Houston may be working frantically to clean up the oil spill, but Dallas is focusing on a different kind of energy this week: wind.
The American Wind Energy Association is holding its annual conference here (“kind of a Woodstock for capitalists,” joked Cathy Zoi, an assistant secretary of energy), with a record 20,000 people in attendance. Its intended message could not be clearer: The federal government needs to help speed the growth of the clean-energy industry.
“We need a strong renewable electricity standard now,” Denise Bode, the chief executive of the wind group, told attendees on Monday morning. She was referring to congressional efforts to pass a requirement that the nation get a certain percentage of its electricity — say, 20 percent, as proposed by Senator Byron Dorgan, Democrat of North Dakota — from renewable energy in the future.
Currently, renewables other than dams supply 3.5 percent of the nation’s electricity.
About half the states have a renewable energy requirement. Even Oklahoma, whose senators have led the charge against the notion of human-caused global warming, is thinking of passing one. But a national requirement has eluded Congress.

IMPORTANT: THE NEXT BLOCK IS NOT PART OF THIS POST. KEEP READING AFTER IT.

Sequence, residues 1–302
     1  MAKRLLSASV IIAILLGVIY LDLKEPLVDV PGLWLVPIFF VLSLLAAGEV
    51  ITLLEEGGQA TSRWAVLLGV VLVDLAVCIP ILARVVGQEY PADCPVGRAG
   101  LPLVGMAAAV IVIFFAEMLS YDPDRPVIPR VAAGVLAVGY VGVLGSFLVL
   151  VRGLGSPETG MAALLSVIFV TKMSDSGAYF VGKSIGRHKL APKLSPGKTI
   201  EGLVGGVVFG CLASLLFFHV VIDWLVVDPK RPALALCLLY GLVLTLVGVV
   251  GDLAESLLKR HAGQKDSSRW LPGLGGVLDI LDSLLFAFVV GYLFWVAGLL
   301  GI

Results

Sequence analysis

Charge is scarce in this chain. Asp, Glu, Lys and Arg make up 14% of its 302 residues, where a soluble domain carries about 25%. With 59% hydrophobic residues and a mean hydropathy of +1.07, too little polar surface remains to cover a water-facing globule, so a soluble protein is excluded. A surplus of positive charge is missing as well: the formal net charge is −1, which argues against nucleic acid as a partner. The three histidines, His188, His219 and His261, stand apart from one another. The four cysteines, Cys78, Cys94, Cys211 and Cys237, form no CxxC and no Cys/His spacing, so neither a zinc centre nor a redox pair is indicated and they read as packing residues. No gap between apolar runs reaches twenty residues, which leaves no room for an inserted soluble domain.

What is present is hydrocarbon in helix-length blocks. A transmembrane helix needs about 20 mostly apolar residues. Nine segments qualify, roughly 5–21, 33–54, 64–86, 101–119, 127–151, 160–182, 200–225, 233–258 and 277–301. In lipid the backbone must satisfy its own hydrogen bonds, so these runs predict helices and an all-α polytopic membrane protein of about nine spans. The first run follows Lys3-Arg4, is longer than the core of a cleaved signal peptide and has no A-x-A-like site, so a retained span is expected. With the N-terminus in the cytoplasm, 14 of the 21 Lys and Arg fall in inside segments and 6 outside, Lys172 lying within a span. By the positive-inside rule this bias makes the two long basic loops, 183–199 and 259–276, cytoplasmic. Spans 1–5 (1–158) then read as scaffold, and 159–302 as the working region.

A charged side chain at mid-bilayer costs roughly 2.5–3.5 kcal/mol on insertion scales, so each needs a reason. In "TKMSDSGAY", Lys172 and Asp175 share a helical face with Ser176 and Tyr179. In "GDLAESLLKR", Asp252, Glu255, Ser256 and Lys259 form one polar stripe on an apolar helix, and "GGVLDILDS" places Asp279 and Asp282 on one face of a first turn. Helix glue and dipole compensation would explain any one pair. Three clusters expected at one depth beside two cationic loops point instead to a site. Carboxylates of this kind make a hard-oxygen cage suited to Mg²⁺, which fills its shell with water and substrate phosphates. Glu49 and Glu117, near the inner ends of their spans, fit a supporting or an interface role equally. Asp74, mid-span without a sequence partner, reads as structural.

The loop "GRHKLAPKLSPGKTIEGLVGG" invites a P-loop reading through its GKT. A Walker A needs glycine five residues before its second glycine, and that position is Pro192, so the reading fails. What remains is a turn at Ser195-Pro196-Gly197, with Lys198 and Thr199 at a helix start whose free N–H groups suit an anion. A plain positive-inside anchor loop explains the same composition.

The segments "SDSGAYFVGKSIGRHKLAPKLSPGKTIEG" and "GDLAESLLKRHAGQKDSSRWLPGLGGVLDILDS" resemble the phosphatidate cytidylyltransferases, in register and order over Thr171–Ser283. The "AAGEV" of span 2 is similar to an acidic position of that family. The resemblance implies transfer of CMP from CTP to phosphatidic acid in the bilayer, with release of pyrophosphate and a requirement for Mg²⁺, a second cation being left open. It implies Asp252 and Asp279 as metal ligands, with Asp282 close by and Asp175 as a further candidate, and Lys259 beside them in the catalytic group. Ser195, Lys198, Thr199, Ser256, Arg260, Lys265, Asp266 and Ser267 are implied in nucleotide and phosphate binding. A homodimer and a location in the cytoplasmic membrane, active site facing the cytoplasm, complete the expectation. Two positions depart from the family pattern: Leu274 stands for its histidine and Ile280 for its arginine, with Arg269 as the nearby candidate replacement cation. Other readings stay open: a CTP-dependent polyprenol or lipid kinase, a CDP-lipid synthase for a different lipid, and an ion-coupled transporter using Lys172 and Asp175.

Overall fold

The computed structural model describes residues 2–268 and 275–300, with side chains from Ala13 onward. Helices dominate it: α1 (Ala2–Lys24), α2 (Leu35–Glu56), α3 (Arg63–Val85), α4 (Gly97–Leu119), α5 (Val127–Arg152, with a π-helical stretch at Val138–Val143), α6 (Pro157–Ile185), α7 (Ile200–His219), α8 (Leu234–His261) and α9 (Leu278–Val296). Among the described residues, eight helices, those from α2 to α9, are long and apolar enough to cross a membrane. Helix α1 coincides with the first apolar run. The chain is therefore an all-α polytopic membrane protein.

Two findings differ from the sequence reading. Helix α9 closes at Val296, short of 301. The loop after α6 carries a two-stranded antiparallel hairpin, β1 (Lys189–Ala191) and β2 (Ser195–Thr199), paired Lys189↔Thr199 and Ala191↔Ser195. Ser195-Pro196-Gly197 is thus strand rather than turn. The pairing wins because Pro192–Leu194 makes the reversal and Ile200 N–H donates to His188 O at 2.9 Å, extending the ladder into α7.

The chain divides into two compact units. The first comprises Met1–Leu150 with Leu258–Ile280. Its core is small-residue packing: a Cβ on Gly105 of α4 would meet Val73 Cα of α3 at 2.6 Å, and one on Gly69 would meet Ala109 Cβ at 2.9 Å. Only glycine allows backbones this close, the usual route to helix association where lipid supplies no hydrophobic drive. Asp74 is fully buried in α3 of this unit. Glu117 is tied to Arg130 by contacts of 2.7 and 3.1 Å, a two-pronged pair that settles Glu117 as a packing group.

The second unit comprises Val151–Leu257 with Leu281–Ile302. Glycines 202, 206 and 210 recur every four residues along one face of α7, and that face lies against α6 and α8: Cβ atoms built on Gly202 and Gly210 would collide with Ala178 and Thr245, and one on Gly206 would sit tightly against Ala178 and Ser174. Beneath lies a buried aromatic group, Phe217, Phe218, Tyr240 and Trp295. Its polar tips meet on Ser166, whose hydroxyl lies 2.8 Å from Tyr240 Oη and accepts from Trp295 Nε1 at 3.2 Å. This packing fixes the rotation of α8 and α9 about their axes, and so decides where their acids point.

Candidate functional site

Mr. Dorgan, who also spoke at the conference and is retiring next year, urged the creation of an “an interstate highway of transmission capability,” something that windy, but sparsely populated, North Dakota is particularly interested in. However, transmission development has been slowed by difficulties with siting and pricing the lines.
Mr. Dorgan noted that oil and gas developers in the United States had received strong tax incentives in those industries’ early days in the 1910s, whereas recent tax incentives for wind power have been weaker and stop-and-start.
“Let’s do what we did for other energy sources,” he said.
By KATE GALBRAITH/NYT